1. Stef Adams
      Stef Adams January 3, 2012 at 2:07 am | | Reply

      I trialled adding some food dye, it only took a tiny amount to change the colour I have emailed norvodisk who said that they would be unsure what detoriation colour would do, however i trialled my coloured insulin for a couple of weeks and my bsls were normal. the colour made the bubbles sso much easier to see in my pump tubing

  19. Dennis
    Dennis May 26, 2009 at 8:06 pm | | Reply

    Well,I agree on the Colored Insulin, but Now using the Pens? I’d like to see Different Color and types of Pens for each type of Insulin..
    The Levemire and Novalog Pens are identical, other than the small color lable
    I put Duct tape on one and keep the Levemire in the Fridge vs the Novolog Pen on the counter, etc.. In the First week of getting the Pens, sure enough, I took Novolog instead of Levemire and that was fund, downing 3 cans of coke and staying up for the next few hours and testing…

    and a Adjustable top for the Novolog Pen wb nice too, so I can use it with leaving the Pen Needle on … for now? I put some Tape around the middle so the cover stays on tight with the pen needle on it..

  20. Adrien Pikovsky
    Adrien Pikovsky October 4, 2009 at 11:05 am | | Reply

    i believe that not only would colored insulin be good for insulin pump users, but if pharmaseutical companies would realize the potentials for all the senior citizens that cannot clearly see the amount of clear insulin that they are giving themselves and how much of an advantage having colored insulin would do for safe effective health care for seniors. it would eventually be very cost effective to the health care systrem.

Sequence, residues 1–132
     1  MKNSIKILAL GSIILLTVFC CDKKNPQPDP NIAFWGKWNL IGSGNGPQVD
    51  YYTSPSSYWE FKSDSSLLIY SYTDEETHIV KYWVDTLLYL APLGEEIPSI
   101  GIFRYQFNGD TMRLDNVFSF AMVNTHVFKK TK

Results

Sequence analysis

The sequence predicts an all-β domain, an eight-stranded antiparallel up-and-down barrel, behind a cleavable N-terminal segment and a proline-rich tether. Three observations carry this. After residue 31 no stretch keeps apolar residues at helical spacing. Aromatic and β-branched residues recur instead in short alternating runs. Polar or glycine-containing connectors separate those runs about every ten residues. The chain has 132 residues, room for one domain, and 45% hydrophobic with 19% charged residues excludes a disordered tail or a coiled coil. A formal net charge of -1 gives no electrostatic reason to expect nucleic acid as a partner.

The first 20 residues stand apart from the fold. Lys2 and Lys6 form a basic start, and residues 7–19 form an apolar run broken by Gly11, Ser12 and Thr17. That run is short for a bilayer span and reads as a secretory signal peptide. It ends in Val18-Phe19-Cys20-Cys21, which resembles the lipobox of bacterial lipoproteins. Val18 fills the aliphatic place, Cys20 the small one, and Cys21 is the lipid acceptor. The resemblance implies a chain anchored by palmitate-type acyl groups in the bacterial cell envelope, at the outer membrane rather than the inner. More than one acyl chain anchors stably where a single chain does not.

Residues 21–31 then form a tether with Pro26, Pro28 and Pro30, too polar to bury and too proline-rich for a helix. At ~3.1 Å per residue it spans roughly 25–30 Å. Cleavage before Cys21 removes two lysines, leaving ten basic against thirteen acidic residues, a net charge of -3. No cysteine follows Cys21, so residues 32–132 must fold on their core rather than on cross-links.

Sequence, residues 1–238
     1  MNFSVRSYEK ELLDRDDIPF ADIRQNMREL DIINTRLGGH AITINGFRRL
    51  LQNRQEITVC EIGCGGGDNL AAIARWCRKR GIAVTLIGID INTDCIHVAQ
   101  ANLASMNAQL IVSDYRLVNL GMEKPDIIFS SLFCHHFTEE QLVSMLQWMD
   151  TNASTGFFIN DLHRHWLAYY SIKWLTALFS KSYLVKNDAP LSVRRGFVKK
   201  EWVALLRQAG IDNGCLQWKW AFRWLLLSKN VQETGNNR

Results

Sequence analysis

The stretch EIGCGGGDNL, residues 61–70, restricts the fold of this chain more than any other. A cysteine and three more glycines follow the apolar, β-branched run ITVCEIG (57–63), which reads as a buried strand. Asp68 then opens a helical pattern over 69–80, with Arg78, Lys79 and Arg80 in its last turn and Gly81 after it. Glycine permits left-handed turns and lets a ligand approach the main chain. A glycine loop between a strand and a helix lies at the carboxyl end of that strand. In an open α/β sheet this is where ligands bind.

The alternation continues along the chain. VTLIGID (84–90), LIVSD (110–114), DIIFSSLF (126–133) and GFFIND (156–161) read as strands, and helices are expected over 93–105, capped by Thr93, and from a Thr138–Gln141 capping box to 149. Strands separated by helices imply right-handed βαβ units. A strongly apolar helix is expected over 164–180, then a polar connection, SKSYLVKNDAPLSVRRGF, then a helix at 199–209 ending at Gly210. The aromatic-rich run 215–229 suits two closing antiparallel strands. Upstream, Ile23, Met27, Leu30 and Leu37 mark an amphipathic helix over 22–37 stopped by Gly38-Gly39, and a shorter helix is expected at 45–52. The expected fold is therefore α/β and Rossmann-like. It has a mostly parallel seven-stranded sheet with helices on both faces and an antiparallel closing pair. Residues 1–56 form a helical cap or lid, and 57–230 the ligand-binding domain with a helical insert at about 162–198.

21. LaLa
    LaLa April 25, 2010 at 9:18 am | | Reply

    This idea is absolutely brilliant. I am also a pumper who has been plagued by unexplained highs, probably caused by air bubbles I can’t see. I used syringes for 20 years, and also injected Novolog instead of Lantus on two occasions–VERY scary. Additionally, I have always thought a dyed insulin that changes or loses color as it “goes bad” would be extraordinarily helpful. Why do our bodies have to be the “lab” to tell if the insulin is working?

    I am trying to find out if anyone knows the effects of adding normal food coloring to insulin–is it harmful to the insulin or to the body? Everyone cautions against it, but I haven’t found anything so far that indicates this has actually every been tried or studied.

  22. BEEPEE
    BEEPEE August 12, 2010 at 5:51 am | | Reply

    I see another angle. My wife has been insulin dependent for 30 yrs. Over that time her vision has deteriorated tremendously, especially in regards to contrast.

    She has a hard time telling when the vial is close to empty. This has left us scurrying to get a Rx called in a couple times when she has run out.

    I mentioned the idea of adding food color to the insulin to her nephrologist, and advised against using food color.

    There has to be something safe that could be used.

  23. Andrew Archuleta
    Andrew Archuleta August 22, 2014 at 9:14 am | | Reply

    I found this article on a search after my grandfather who does not have good eyesight injected himself with too much insulin and had an overdose attack because he could not see the volume. I would think either colored insulin, injector that speaks the volume that is being drawn, or an injector that has a bright colored volume indicator that relies on the vacuum of the draw to indicate amount.I would also like to see a fix to the needles to inject. i have seen my family help him multiple times after he accidentally bent the needle prior to injection then could not properly self medicate.